Skip to content

Celebrating 1 year of A11y Design Bootcamp: Takeaways and tips

A11y Design Bootcamp is a live educational program that consists of exercises, discussions, and knowledge shares to raise awareness of web accessibility best practices, the role designers play in creating accessible products, and how to advocate for accessibility with cross-functional partners.

Celebrating 1 year of A11y Design Bootcamp: Takeaways and tips

May 16 is Global Accessibility Awareness Day (GAAD), and I’m using the occasion to reflect on one of the longest, if not the longest, projects I’ve worked on throughout my accessibility design career: Web Accessibility (A11y) Design Bootcamp. In talking to fellow web accessibility practitioners and folks who work in product development, I often get asked what the bootcamp is, how we got started, and how they can do the same in their organizations. Let’s break all of that down!

What is A11y Design Bootcamp?

A11y Design Bootcamp is a live educational program that consists of exercises, discussions, and knowledge shares to raise awareness of web accessibility best practices, the role designers play in creating accessible products, and how to advocate for accessibility with cross-functional partners. Topics we cover include: what is web accessibility, assistive technology and how it works, identifying bugs in wireframes and in build, and disability justice, or what I like to call “bringing it back to the people.”

Currently, a cohort meets for four sessions over two weeks. Bootcamp utilizes a reverse classroom model, meaning designers complete pre-work prior to each session, such as bespoke videos, documentation, and articles, so we can utilize our time together through exercise and discussion. Each round consists of pre- and post-bootcamp surveys that allow us to iterate each cohort and ensure it is meeting designers’ needs. Adaptations are made to fit the course material, and breaks are introduced to make sure attendees digest material without overwhelm. Additionally, we use a Slack channel to send reminders and review messages with each cohort.

Since its inception in March 2023, I’ve facilitated four cohorts that mount to 50% of our design organization here at GitHub completing training–and counting!

Building a bootcamp

Having prior experience running live web accessibility education programs, content creation was more or less straightforward. What was more difficult was figuring out how to connect these programs to larger team and organization goals.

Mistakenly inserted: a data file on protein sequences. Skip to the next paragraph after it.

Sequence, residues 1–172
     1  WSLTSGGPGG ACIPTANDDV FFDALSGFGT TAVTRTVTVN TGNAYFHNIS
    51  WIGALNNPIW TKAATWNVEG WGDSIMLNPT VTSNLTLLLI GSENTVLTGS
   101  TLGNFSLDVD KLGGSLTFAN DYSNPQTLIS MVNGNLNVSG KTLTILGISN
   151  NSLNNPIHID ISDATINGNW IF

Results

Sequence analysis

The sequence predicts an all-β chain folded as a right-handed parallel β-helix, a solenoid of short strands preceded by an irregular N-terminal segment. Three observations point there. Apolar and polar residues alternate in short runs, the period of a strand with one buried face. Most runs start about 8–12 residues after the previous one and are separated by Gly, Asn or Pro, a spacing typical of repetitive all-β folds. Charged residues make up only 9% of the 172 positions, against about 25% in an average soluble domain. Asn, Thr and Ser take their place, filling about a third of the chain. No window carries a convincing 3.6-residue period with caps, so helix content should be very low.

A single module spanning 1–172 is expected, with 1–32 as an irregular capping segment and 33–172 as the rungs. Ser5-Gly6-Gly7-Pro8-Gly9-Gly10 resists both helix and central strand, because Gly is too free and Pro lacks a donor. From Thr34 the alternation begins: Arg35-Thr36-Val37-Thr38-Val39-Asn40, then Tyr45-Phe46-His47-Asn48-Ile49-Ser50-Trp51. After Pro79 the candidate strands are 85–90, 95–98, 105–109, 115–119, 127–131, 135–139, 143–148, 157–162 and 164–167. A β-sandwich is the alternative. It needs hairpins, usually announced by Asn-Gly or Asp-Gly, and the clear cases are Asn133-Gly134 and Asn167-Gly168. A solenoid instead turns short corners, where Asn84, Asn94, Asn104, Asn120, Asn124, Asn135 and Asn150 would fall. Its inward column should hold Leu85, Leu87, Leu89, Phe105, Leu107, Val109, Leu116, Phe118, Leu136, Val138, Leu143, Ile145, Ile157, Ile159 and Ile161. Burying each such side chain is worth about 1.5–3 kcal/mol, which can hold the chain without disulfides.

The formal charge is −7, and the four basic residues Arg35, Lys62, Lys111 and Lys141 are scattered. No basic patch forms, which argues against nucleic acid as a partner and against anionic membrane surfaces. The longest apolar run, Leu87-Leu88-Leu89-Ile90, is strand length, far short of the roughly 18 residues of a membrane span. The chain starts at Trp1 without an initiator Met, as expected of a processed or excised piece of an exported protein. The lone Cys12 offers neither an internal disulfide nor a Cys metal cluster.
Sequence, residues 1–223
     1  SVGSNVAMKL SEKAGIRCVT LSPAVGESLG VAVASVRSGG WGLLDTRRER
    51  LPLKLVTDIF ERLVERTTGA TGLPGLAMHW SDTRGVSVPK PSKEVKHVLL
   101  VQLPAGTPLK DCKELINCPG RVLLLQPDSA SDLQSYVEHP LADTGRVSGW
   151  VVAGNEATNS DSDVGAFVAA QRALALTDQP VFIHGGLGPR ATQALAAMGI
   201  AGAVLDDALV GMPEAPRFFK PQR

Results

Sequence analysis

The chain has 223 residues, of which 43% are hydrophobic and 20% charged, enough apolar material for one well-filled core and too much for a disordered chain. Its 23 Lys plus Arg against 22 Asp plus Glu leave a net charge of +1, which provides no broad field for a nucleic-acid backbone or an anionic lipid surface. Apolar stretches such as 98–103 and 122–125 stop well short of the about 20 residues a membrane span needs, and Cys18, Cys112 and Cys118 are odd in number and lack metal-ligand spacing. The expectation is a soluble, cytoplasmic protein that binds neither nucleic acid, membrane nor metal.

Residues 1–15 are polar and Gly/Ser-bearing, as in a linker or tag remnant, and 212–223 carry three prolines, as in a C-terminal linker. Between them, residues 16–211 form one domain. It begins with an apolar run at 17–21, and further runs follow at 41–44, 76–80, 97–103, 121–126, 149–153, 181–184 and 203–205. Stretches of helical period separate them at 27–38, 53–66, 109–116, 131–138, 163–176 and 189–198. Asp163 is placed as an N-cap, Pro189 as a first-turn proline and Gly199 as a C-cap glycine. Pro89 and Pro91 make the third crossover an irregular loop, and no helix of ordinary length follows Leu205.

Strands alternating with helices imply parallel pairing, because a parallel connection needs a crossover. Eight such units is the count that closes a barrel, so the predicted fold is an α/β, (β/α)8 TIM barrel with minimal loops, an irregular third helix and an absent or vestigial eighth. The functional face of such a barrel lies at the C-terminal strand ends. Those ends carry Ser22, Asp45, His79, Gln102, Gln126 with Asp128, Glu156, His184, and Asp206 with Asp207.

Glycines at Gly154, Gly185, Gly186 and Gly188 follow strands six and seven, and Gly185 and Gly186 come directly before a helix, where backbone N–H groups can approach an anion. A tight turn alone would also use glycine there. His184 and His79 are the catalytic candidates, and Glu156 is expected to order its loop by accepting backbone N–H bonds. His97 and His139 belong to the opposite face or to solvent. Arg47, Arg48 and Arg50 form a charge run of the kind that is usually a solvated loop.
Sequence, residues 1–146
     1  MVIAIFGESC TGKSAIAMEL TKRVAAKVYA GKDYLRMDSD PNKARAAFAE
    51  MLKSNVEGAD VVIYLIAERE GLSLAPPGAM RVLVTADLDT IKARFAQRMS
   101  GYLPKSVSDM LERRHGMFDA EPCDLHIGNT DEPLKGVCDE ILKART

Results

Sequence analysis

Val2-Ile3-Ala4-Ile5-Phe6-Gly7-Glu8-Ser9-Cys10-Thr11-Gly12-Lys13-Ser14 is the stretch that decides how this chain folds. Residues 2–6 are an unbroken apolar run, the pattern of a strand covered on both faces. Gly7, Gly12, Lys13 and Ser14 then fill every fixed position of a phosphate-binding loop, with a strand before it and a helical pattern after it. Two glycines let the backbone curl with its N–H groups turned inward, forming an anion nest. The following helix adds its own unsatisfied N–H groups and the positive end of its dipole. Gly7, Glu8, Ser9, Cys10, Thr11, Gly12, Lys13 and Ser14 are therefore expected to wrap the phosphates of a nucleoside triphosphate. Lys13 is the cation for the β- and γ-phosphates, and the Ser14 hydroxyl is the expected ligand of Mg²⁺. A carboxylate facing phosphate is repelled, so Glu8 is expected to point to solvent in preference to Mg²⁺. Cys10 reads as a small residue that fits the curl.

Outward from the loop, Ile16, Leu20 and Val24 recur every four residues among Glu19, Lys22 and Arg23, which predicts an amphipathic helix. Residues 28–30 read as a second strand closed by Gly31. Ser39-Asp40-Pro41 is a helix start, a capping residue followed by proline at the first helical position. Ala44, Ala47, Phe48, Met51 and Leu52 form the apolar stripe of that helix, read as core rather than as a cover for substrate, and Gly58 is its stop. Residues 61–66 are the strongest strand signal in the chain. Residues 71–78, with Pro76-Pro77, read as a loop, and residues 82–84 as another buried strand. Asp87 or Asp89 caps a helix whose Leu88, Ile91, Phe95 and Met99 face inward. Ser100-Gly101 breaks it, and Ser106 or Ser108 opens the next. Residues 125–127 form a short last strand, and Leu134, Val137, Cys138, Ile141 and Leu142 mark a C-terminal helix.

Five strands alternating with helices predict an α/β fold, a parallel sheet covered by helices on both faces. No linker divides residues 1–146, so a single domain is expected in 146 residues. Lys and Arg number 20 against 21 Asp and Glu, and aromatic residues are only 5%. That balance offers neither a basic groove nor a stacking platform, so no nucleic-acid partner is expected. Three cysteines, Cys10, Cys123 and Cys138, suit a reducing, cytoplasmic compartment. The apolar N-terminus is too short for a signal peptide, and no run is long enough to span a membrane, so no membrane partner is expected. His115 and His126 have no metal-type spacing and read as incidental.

In preparation for our first bootcamp, Catharine McNally, a program manager focused on accessibility, led a few stakeholders through an awesome brainstorm that helped us ground our content. Some questions posed included:

  • What will make this training “sticky?”
  • How will we set a good first impression (First impressions are everything!)?
  • What will make attendees excited to come back the next session?
  • What do we want attendees to feel, think, and do differently after bootcamp?
  • When attendees think back to this bootcamp, what will they remember?
  • What does success look like for the facilitation team?

During this time, we also worked through important information, such as:

  • Identifying false narratives that designers might have (such is, “Accessibility stifles my creativity”) and what we could do to debunk them.
  • Tools for being proactive versus reactive in the product development process.
  • The importance of alignment to the A11y Design team’s values of being approachable, helpful, and nonjudgmental.

Bootcamp values

As a facilitator, the best part of the grounding exercise discussed above was establishing A11y Design Bootcamp values. This felt integral because everything we did–every exercise, discussion, slide, and both spoken and written word–was in service to four principles:

  • Relevant. Our material needs to resonate with designers. Otherwise, how is it going to stick? Building “plug and play” modules really helped here as it allowed us to create exercises we could use again and again.
  • Engaging. Let’s face it, no one likes mandatory training, let alone boring training. In providing interactive exercises and discussions, we reinforce what we teach while also developing trust, which is key for encouraging designers to ask questions.